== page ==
We could have chosen from a couple of namesake pubs (The Dickens Tavern near Lancaster Gate, or The Dickens Inn by Tower Hill) but we liked the idea of drinking in Dickensian Southwark. And an excellent idea it was: we managed to stumble on one of the few places in London where you can easily get a seat on a Saturday night. It’s a cracking pub, too. With at least six real ales on tap and a menu that ranged from soup to salmon, all for under £8, with sport unobtrusively playing on TVs in the background for people who want to keep tabs on that kind of thing, it’s another of those pubs where we could have stayed for ages. Maybe we’ll return to see even more of their paintings of Dickens’s characters and investigate the beer garden out back.
The Boot, Kings Cross
This Boot was a lone house of public entertainment, situated in the fields at the back of the Foundling Hospital; a very solitary spot at that period, and quite deserted after dark. The tavern stood at some distance from any high road, and was approachable only by a dark and narrow lane; so that Hugh was much surprised to find several people drinking there, and great merriment going on.
That’s how The Boot appears in Barnaby Rudge and, while it’s definitely no longer in the middle of fields, it was still quiet enough to easily bag a table. We’d stick our neck out and say that, even on a crawl that includes the George, this was the most characterful. There’s boot memorabilia of all kinds behind the bar, a pair of skis hung above it and, for some reason, a huge photo of Lord’s cricket ground in front. And a papier mache seagull above the door. Whatever floats your boat. It’s an Irish bar so you’ll never run short of Guinness, but other than that your choices are standard lagers and wines. The condiments on the table indicated there’s clearly food available, but by this point we weren’t really concentrating enough to think to find a menu.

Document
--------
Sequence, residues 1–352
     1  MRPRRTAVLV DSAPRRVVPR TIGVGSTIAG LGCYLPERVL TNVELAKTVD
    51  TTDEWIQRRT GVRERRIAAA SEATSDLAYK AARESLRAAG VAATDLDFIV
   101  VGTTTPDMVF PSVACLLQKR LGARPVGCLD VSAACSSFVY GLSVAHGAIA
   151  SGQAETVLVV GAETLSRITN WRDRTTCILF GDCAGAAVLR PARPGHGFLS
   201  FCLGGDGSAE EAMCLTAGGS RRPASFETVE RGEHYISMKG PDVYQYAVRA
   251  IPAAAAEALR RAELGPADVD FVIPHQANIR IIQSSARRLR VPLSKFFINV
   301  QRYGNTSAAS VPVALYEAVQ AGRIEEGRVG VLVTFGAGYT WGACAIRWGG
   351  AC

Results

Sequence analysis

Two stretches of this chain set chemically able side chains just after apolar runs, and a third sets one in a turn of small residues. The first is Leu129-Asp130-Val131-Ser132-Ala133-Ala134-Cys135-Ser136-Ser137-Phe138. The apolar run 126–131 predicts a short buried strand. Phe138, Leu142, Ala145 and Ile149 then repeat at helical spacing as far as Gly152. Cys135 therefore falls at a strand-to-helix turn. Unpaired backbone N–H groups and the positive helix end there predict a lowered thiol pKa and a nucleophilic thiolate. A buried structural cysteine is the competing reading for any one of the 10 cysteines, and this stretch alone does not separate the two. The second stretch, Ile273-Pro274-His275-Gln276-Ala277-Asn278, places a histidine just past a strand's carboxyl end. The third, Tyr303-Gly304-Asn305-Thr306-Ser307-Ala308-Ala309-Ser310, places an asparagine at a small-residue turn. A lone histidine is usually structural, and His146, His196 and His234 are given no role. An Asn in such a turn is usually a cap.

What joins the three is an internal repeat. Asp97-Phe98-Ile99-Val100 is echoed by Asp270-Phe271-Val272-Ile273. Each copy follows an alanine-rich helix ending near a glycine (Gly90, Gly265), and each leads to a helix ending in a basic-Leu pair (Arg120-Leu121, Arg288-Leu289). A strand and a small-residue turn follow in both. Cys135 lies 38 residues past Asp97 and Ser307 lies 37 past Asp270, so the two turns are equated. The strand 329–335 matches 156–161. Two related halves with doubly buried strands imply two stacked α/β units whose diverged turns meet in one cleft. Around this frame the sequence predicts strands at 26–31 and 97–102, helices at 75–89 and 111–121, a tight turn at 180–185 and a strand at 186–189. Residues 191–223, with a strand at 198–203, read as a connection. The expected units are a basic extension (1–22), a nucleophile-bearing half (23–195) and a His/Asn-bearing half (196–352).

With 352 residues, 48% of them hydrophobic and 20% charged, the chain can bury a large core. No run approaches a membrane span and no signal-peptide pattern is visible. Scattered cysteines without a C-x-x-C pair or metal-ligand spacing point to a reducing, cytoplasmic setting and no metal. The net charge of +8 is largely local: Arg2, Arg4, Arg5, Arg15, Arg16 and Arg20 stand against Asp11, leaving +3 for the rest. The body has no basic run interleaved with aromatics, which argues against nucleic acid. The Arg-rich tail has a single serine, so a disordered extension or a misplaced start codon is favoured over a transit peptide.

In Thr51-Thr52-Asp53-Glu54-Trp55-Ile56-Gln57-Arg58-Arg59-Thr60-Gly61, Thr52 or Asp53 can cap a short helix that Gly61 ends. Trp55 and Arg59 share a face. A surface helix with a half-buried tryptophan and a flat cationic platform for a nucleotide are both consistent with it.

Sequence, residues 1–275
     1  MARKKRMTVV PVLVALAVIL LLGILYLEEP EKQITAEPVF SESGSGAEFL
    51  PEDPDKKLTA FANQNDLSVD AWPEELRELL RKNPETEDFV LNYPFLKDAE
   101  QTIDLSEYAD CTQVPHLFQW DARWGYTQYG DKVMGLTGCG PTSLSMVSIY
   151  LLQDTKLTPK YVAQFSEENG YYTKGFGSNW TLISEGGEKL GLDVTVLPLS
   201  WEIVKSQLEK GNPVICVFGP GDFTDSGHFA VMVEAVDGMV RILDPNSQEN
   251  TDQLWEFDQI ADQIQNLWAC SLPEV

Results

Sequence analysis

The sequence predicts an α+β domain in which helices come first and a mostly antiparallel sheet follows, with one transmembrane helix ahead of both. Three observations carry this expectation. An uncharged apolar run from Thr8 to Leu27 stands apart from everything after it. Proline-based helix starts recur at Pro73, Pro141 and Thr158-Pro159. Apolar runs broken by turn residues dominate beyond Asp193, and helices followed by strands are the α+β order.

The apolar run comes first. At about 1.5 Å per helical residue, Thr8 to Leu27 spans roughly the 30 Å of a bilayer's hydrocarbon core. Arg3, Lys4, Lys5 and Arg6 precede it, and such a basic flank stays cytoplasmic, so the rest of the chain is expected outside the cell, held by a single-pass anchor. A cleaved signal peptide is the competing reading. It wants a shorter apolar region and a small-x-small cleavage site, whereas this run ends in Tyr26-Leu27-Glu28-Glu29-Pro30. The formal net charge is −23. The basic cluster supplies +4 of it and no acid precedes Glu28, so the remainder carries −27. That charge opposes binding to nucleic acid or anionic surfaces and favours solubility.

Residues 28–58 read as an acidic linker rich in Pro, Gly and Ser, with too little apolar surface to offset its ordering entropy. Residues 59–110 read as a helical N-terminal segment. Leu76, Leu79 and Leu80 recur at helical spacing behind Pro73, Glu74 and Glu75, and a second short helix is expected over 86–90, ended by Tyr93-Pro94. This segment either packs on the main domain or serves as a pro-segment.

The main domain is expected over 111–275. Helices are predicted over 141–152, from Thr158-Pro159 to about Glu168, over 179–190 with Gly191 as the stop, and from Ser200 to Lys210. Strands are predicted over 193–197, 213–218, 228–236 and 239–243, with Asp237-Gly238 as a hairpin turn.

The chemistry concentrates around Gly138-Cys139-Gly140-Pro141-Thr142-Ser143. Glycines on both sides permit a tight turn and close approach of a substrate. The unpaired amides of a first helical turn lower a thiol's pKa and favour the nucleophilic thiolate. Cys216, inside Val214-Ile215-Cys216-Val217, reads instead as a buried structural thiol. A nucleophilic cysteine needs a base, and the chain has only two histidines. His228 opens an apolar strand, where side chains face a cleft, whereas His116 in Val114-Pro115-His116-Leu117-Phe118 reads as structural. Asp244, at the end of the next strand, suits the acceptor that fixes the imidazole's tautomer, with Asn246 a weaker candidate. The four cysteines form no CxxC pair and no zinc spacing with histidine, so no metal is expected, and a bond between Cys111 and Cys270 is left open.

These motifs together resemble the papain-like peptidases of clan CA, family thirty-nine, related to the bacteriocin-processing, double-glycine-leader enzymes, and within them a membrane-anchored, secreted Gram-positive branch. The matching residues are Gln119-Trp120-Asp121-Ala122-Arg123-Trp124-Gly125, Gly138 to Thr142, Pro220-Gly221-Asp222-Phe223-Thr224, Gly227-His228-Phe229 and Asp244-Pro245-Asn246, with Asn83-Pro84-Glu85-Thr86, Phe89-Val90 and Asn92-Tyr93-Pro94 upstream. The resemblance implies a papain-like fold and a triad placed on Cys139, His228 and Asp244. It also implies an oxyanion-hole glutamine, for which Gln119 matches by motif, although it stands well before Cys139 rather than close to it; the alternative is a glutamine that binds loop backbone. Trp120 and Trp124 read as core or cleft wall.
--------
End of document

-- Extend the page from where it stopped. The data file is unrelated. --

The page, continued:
Betsey Trotwood, Farringdon
Betsey is David Copperfield’s great-aunt, but she’s probably much better known to Londoners as a venue for music and spoken word events in the upper room and basement (judging by the vibrations). We don’t think Betsey would approve: organic pork pie is on the menu (most sandwiches, burgers and salads under a tenner) and the fairy lights, Taittinger, seasonal real ales and hip young things crowding the small bar just didn’t feel very Dickensian. It’s also one of the few pubs in the area with a late licence so it gets packed after about 10pm. A perfectly nice pub, but a bit of a shock to the system after places like the Charles Dickens and The Boot.
Honourable mentions for a few of the pubs that could have made the list: the aforementioned The Dickens Tavern and The Dickens Inn; Ye Olde Cheshire Cheese, The Crown and Greyhound in Dulwich, Trafalgar Tavern and the George and Vulture – all places Dickens drank (the George and Vulture is also in Pickwick Papers); and The Pillars of Hercules next to Manette Street (named after A Tale of Two Cities’s doctor).
Previous alternative pub crawls: Tudor boozers, Rude and lewd drinking dens, the Blue Posts, Scientific pubs, station pubs, Shakespeare, Houses of Parliament bars, the East London Line extension, 12 Days of Christmas and Royal Wedding.